, June 2011
Clear distinctions between good and evil are so rare in real life, that it is sometimes comforting to know whether to cheer or hiss at a character before you have heard more than a few lines about them. Gormenghast, the second in a series of three gothic novels by writer Mervyn Peake, draws such a clear line between the righteous and the damned that the listener knows which is which when they hear their names: from the malevolent, power-hungry and cunningly manipulative Steerpike, to Dr. Alfred Prunesquallor, the smart aleck doctor of Castle Gormenghast. Even the name of the castle calls to mind how it is later described: dark, dank, foreboding, with many hidden passageways for hiding wrongdoing. The family who lives here, and the hero of this tale, are aptly named Groan: there is Titus, who is seven when Gormenghast picks up, and is the reluctant heir to the throne; Fuschia, his spoiled sister, who like her name comes off as a bit too garish; and their deceased father Lord Sepulchrave. Gormenghast follows Titus as he comes of age and must decide whether to indulge in his desire to shirk obligation and make a life outside of the castle, or to be the much-needed hero and save this ancient, secretive and frankly weird world from a terrible end.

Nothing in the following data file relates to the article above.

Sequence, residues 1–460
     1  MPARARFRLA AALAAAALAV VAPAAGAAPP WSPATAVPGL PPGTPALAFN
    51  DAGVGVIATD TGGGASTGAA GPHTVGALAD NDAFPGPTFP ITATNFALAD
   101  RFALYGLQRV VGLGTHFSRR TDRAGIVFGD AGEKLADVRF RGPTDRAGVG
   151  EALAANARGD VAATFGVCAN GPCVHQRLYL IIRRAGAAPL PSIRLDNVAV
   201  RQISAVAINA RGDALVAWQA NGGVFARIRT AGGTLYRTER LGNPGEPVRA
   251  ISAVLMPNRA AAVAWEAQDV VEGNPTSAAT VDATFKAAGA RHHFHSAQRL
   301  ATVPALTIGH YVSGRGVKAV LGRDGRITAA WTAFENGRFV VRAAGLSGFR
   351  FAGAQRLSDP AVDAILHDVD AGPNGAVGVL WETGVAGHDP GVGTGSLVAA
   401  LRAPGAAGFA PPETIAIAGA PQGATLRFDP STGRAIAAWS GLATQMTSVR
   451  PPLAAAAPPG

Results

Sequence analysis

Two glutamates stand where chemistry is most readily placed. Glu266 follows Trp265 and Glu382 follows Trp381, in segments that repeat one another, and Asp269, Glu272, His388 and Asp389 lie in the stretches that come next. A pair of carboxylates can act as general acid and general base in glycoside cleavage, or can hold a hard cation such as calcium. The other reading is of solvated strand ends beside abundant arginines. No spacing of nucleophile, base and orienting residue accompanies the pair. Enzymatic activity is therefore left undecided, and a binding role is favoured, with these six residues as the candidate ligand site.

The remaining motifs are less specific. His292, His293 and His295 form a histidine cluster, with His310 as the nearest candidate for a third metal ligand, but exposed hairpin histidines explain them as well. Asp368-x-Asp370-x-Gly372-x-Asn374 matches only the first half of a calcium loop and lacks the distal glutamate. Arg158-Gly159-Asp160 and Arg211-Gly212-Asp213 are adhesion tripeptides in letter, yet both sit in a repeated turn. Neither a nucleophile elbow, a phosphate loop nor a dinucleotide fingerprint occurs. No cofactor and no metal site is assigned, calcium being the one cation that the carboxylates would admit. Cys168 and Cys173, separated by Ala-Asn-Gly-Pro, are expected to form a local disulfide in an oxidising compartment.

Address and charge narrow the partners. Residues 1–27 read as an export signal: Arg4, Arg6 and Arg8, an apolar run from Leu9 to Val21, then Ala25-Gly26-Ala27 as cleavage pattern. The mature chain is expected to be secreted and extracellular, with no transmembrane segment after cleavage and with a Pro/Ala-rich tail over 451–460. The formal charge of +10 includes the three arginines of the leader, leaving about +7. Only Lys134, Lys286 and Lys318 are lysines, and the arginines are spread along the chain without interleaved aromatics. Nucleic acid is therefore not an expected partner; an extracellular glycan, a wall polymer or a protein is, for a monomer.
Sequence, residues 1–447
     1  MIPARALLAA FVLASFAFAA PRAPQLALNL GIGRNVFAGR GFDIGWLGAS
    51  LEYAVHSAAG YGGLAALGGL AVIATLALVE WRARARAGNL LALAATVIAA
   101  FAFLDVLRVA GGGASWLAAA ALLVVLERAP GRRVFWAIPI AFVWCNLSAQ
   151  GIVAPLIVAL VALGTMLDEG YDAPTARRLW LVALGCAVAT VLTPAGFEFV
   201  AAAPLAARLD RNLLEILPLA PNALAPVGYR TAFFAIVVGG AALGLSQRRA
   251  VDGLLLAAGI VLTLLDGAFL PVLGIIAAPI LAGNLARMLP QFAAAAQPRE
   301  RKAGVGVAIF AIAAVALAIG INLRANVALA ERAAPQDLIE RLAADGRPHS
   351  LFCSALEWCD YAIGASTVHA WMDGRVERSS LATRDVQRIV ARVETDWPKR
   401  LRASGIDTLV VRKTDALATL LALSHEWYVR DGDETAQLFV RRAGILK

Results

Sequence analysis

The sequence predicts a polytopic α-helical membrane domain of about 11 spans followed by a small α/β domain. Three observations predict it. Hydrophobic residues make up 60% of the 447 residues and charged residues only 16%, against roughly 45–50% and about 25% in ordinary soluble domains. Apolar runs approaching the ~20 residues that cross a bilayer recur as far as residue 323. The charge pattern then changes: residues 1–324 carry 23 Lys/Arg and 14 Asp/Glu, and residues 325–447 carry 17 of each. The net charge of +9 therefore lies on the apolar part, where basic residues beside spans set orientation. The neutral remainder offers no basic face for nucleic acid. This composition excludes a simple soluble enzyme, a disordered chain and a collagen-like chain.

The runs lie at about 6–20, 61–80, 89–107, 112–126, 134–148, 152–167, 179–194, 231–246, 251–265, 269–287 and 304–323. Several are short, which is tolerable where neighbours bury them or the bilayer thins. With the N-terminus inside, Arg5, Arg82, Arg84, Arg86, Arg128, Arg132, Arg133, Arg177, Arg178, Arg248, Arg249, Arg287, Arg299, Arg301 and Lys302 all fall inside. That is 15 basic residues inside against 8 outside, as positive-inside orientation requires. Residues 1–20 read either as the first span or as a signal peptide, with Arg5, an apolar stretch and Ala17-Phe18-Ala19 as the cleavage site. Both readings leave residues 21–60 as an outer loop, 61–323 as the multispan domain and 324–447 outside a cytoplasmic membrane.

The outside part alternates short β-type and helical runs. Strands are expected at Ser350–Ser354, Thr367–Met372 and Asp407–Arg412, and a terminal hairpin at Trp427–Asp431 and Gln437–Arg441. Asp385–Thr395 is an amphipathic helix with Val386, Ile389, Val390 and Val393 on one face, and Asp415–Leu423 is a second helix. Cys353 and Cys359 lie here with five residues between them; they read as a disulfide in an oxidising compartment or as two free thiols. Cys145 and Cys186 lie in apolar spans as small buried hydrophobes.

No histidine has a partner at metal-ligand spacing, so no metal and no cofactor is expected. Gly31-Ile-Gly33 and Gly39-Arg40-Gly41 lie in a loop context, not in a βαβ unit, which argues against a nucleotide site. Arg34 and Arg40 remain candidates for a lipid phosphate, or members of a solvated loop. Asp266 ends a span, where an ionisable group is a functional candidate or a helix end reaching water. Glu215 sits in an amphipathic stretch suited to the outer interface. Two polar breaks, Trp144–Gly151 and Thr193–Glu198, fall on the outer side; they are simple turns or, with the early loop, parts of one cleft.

The listener’s appreciation for the clear demarcation between good and evil is also brought into sharp focus by narrator Rupert Degas’ exceptional reading. Degas displays a wide range of accents, vocalizations, and tones, from somber, when he is describing the foreboding castle, to wild and agitated, such as in the final scenes, which are filled with an appropriate showdown between the forces of good and evil, now evident to all the colorfully-named characters. Many male narrators often have difficulty depicting women, since too high a pitch can sound like mockery, while too low can erase any difference between male and female voices. Degas has no such trouble: his vocalization is so expressive and varied that he is able to actually lower his pitch for a female character, such as the Countess Gertrude, Titus’ mother, who is an imposing but largely reclusive woman until largely disaster requires her assertive leadership; or raise it when depicting the squeaking laughter of Dr. Prunesquallor. Gormenghast is abridged and the second in the series, but its simple themes and straightforward plot meant that these factors did not draw away from this colorful work of fantasy.